Fuelled by the healthy image poultry meat has won for itself in these body-conscious times as well as growing concern for environment and climate, broiler and turkey consumption in Europe stands between 22 and 23kg per capita for the 27-member countries. But this is only part of the picture. Take a poultry meat producer and processor like Germany's market leader Wiesenhof, and you will notice continual increases in sales of broiler, turkey and even the relative mass-market newcomer in northern Europe, duck.
With an estimated 210 million birds processed, sales of poultry meat and its products from Wiesenhof (part of the PHW Group) rose 17.4 percent to 898.9 million for the last financial year with 18.4 percent of this earned by exports, which were up 36.8 percent.
In the previous year the avian flu kicked a kink of minus 2.6 percent in the upward trend, but the overall picture for Wiesenhof is an upbeat one with turnover soaring 8 percent over last year in the first quarter this year.
So what is the secret of this singular success? Peter Wesjohann, PHW Group CEO, reckons this lies in his company's "single-source" policy.
"Consumers are increasingly concerned with assured quality, traceability but also animal welfare as well as environment and climate, and poultry meat already has a great lobby. I like to think we've added to these advantages by pioneering a lasting concept of integration and quality control which covers bird welfare, too."
This assured quality network involves Wiesenhof-owned and managed parent breeding flocks and hatcheries, but also feed mills five of them situated in main production areas and run by Wiesenhof subsidiary MEGA Tierernahrung and producing 1.1 million tonnes of ISO, QS and GMP+ certified rations annually.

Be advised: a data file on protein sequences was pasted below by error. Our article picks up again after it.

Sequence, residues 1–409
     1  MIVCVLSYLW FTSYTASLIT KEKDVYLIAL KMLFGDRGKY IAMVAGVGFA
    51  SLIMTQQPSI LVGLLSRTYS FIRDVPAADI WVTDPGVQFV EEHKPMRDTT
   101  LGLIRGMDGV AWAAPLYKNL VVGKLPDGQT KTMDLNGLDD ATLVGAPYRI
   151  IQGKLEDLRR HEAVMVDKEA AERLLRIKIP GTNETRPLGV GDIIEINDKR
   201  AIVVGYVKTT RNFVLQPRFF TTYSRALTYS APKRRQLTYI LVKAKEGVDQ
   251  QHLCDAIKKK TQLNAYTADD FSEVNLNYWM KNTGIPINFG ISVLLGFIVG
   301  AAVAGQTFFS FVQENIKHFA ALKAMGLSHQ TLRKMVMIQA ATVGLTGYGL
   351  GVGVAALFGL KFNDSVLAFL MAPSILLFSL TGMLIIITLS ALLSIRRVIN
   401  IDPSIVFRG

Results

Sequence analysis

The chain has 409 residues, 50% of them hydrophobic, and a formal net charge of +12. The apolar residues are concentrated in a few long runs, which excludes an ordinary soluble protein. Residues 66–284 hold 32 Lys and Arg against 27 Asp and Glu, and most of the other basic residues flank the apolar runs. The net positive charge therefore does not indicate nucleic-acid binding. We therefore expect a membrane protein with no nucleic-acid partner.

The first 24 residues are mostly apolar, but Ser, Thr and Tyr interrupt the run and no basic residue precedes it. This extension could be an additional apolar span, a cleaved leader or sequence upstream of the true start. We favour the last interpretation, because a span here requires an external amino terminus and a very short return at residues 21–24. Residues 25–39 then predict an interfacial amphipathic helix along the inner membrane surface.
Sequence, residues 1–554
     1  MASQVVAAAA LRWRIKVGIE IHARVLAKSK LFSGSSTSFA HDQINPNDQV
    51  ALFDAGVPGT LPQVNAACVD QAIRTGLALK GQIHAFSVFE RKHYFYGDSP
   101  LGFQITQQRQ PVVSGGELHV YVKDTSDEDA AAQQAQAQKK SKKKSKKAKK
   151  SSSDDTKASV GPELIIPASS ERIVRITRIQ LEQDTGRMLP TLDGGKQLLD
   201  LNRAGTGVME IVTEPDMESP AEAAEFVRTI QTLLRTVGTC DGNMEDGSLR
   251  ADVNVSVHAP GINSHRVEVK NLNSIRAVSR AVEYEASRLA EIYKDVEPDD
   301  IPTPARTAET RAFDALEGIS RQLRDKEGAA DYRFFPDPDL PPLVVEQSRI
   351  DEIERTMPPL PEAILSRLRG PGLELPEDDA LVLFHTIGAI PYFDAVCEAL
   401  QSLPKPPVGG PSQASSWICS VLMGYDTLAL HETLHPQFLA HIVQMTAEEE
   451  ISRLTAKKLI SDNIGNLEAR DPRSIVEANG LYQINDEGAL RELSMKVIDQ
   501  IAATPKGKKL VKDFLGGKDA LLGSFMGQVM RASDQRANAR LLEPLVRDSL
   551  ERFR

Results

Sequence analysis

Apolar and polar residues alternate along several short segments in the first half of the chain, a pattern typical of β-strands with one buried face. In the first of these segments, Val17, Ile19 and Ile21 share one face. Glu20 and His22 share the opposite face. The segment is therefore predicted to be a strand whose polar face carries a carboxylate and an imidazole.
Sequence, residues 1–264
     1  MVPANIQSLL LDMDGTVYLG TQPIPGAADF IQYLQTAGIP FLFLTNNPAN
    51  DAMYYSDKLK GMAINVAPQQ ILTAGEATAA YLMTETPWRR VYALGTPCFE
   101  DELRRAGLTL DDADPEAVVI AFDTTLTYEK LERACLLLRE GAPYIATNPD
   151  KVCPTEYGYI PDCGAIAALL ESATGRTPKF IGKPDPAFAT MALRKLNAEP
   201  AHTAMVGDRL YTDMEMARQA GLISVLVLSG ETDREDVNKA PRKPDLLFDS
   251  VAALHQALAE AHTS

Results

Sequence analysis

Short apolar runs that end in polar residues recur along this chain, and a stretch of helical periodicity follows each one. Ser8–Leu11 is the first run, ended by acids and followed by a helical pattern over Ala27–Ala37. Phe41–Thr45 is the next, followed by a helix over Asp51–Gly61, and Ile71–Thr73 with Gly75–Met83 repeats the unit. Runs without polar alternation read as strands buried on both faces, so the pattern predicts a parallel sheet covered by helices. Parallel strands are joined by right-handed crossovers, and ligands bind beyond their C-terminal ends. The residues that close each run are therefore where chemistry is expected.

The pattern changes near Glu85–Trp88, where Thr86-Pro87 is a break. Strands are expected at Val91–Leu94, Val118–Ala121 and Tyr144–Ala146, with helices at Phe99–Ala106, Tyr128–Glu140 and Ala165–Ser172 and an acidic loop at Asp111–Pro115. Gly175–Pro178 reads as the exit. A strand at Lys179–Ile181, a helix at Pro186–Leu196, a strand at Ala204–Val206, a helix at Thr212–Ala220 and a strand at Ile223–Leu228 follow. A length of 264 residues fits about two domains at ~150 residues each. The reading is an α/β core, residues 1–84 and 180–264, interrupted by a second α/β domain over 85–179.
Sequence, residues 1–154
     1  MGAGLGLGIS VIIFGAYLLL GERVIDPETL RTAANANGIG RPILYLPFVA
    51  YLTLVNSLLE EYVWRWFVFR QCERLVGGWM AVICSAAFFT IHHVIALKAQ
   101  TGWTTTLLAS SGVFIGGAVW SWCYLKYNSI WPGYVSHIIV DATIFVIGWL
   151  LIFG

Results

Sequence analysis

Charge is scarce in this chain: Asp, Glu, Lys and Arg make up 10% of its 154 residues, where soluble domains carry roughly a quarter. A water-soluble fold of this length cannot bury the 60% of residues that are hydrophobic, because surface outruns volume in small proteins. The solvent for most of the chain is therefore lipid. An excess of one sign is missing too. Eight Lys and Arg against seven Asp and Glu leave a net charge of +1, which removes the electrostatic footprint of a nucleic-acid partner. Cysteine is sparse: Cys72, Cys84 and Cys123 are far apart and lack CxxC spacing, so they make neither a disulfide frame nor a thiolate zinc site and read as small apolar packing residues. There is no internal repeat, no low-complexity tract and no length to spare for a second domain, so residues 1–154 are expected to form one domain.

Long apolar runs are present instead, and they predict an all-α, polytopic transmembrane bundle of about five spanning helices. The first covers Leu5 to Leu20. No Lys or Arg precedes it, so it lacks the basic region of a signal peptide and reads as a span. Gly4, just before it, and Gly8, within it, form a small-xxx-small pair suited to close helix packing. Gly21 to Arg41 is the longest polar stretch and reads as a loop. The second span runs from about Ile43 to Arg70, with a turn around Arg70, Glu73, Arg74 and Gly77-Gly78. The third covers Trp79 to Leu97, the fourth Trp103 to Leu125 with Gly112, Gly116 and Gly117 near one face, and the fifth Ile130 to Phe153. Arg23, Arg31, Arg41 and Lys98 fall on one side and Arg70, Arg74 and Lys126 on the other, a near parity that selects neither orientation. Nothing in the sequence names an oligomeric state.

This goes to the company parent flocks and some 800 contracted broiler, duckling and turkey rearers and feeders throughout Germany with one feed mill supplying the Polish integrated operation.
The company's high quality concept also includes six processing plants for about 210 million birds annually, including one (Holte, Lower Saxony) with halal certification and where a 3 million expansion is taking place this year.
Europe's most modern hatchery
What is new is the 22 million hatchery facility for producing 150 million chickens per year at Rechterfeld in Weser-Ems region. It is being hailed as the most modern in Europe with 10,000 square metres of the 18,000m2 complex completely new. The Weser-Ems hatchery features 64 setter and 96 separate hatcher departments: the eggs straight from the parent flocks are all disinfected before placing in the setter areas. One of seven hatcheries run by Wiesenhof, the new facility features a complete separation of eggs and chicken with separate entrances and staff. Traceability starts in the parent flock with Wiesenhof. Every Wiesenhof chicken produced comes into the world with a hatchery batch number that accompanies it right through rearing to the processing plant and retail outlet. Other tracebacks include a "salmonella watch" with weekly samples taken from birds and manure in parent flocks. Independent organisations and the company's own veterinary inspectors carry out regular tests among the selected feeding farms. Managers have a strict hygiene and welfare regime to follow covering feed and water availability, stocking rates, ventilation, heating and lighting with full documentation required at every stage.